Umm if the dog has a good functioning immune system and their platelets are able to clot, eventually many times the bleeding will stop, but when we have a tumor or a ruptured blood vessel that keeps bleeding and bleeding and bleeding, sometimes it’s very difficult, if not impossible, to stop the bleeding without more significant medical intervention.

So, when in doubt I wouldn’t touch things at all, especially around a bleeding nose and a dog at home.

[00:09:59] >> Molly Jacobson: Yeah.

[00:09:59] >> Dr. Brooke Britton: You know, again, if your dog is calm and the bleed is there, putting a kind of a cool compress or an ice pack over there is not unreasonable, but it’s hard to know if that’s really going to help. Oftentimes a veterinarian needs to be involved if there’s a severe nose bleed.

[00:10:16] >> Molly Jacobson: Yeah, that makes sense. Well, thank you so much Dr. Britton. I really appreciate you joining us today.

[00:10:22] >> Dr. Brooke Britton: My pleasure. Absolutely. Thank you.

[00:10:26] >> Molly Jacobson: And thank you, listener. If you have a question for us like Holly did, please give us a call. Call our Listener Line at (808) 868-3200. That’s where you can leave your question as a message, and hopefully it will inspire a future episode. Another fabulous resource to ask about how other dog lovers handle issues like nosebleeds and other problems you didn’t know you needed to know about, is our Facebook group.

You can join our Facebook group Dog Cancer Support by searching for it on Facebook or going to That’s where we’re all sharing in the highs and lows of loving a dog with cancer.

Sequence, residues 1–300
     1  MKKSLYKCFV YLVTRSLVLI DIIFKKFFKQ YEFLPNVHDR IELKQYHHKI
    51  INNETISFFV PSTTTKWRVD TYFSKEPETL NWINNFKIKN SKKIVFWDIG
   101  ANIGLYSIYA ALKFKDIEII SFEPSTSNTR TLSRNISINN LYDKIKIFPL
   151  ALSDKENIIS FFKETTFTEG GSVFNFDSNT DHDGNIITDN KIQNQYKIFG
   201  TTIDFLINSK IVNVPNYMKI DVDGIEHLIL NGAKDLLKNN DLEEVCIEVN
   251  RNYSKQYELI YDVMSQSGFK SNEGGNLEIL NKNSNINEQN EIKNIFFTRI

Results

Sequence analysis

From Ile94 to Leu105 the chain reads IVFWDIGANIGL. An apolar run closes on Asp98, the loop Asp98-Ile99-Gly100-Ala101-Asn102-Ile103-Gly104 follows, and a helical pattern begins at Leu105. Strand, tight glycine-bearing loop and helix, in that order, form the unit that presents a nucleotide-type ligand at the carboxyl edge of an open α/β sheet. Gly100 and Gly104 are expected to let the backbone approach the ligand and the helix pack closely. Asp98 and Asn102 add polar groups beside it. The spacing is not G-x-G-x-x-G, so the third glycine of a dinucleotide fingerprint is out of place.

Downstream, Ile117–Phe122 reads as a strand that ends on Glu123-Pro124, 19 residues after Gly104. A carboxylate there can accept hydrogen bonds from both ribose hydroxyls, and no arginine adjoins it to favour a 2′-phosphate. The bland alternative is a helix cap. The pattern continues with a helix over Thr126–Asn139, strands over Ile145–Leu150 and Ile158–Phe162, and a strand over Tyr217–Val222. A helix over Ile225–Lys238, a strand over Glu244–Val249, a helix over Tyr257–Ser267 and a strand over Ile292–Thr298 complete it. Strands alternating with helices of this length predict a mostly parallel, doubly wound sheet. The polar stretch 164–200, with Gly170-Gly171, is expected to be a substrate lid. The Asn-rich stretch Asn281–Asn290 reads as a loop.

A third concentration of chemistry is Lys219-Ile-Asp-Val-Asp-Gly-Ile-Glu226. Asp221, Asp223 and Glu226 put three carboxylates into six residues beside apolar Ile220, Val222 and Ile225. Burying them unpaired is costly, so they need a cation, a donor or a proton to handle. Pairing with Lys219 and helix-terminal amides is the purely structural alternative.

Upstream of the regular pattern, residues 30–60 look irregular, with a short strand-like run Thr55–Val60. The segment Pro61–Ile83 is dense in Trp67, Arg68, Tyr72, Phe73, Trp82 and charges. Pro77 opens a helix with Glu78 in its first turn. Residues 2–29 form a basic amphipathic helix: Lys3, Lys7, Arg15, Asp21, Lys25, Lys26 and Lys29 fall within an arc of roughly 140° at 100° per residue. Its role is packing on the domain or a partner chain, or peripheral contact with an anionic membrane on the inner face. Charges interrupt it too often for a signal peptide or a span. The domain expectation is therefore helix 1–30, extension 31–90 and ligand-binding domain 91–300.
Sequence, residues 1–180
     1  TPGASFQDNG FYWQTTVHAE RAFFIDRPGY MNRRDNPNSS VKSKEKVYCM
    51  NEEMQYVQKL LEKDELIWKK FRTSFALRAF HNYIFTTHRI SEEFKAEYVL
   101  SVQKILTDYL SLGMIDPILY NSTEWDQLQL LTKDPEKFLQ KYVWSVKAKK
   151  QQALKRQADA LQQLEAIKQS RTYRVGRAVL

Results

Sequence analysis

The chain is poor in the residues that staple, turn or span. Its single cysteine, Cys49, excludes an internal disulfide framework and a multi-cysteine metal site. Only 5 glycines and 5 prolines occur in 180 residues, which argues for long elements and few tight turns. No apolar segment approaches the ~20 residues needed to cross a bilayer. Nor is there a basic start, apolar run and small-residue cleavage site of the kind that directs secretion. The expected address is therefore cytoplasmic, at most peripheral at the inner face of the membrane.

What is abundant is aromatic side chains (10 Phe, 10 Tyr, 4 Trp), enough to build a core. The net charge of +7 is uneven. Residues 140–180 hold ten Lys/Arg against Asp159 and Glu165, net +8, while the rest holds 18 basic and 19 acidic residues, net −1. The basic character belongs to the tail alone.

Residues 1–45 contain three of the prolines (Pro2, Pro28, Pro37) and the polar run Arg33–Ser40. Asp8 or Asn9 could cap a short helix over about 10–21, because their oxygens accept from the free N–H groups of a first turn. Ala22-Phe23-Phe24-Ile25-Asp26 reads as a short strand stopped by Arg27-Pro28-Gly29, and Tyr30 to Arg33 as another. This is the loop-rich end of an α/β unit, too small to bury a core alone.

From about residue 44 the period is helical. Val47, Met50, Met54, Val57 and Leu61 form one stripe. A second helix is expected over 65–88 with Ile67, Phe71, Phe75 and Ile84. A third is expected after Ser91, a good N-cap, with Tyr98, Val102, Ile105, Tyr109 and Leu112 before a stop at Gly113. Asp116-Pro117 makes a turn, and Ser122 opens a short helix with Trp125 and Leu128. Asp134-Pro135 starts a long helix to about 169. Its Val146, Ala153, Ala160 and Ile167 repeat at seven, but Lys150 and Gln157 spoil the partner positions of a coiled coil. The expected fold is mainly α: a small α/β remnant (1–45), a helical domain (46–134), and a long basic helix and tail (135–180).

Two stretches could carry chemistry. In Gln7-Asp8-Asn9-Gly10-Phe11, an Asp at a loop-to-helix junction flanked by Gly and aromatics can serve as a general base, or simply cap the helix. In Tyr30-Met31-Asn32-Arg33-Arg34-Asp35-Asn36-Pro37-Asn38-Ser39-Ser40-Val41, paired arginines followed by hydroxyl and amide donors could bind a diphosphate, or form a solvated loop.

I’m Molly Jacobson, and from all of us here at Dog Podcast Network, I’d like to wish you and your dog a very warm Aloha.

[00:11:22] >> Announcer: Thank you for listening to Dog Cancer Answers. If you’d like to connect, please visit our website at or call our Listener Line at (808) 868-3200. And here’s a friendly reminder that you probably already know: this podcast is provided for informational and educational purposes only. It’s not meant to take the place of the advice you receive from your dog’s veterinarian.

Only veterinarians who examine your dog can give you veterinary advice or diagnose your dog’s medical condition. Your reliance on the information you hear on this podcast is solely at your own risk. If your dog has a specific health problem, contact your veterinarian. Also, please keep in mind that veterinary information can change rapidly, therefore, some information may be out of date.

Dog Cancer Answers is a presentation of Maui Media in association with Dog Podcast Network.